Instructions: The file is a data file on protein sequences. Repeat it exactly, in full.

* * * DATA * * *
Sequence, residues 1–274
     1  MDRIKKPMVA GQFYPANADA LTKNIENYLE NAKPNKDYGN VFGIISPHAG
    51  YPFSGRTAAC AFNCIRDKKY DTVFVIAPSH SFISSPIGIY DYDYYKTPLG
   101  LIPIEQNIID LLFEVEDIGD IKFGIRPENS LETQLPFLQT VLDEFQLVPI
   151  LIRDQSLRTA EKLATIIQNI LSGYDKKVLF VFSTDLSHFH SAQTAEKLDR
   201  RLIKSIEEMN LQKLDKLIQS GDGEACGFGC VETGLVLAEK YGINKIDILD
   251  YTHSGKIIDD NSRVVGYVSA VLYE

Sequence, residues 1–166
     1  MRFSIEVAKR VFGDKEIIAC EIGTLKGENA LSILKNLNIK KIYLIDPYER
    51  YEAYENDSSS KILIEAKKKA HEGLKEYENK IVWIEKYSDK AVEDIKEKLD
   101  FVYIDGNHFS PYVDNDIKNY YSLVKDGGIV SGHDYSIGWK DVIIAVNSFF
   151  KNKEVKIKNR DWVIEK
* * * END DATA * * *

Sequence, residues 1–274
     1  MDRIKKPMVA GQFYPANADA LTKNIENYLE NAKPNKDYGN VFGIISPHAG
    51  YPFSGRTAAC AFNCIRDKKY DTVFVIAPSH SFISSPIGIY DYDYYKTPLG
   101  LIPIEQNIID LLFEVEDIGD IKFGIRPENS LETQLPFLQT VLDEFQLVPI
   151  LIRDQSLRTA EKLATIIQNI LSGYDKKVLF VFSTDLSHFH SAQTAEKLDR
   201  RLIKSIEEMN LQKLDKLIQS GDGEACGFGC VETGLVLAEK YGINKIDILD
   251  YTHSGKIIDD NSRVVGYVSA VLYE

Sequence, residues 1–166
     1  MRFSIEVAKR VFGDKEIIAC EIGTLKGENA LSILKNLNIK KIYLIDPYER
    51  YEAYENDSSS KILIEAKKKA HEGLKEYENK IVWIEKYSDK AVEDIKEKLD
   101  FVYIDGNHFS PYVDNDIKNY YSLVKDGGIV SGHDYSIGWK DVIIAVNSFF
   151  KNKEVKIKNR DWVIEK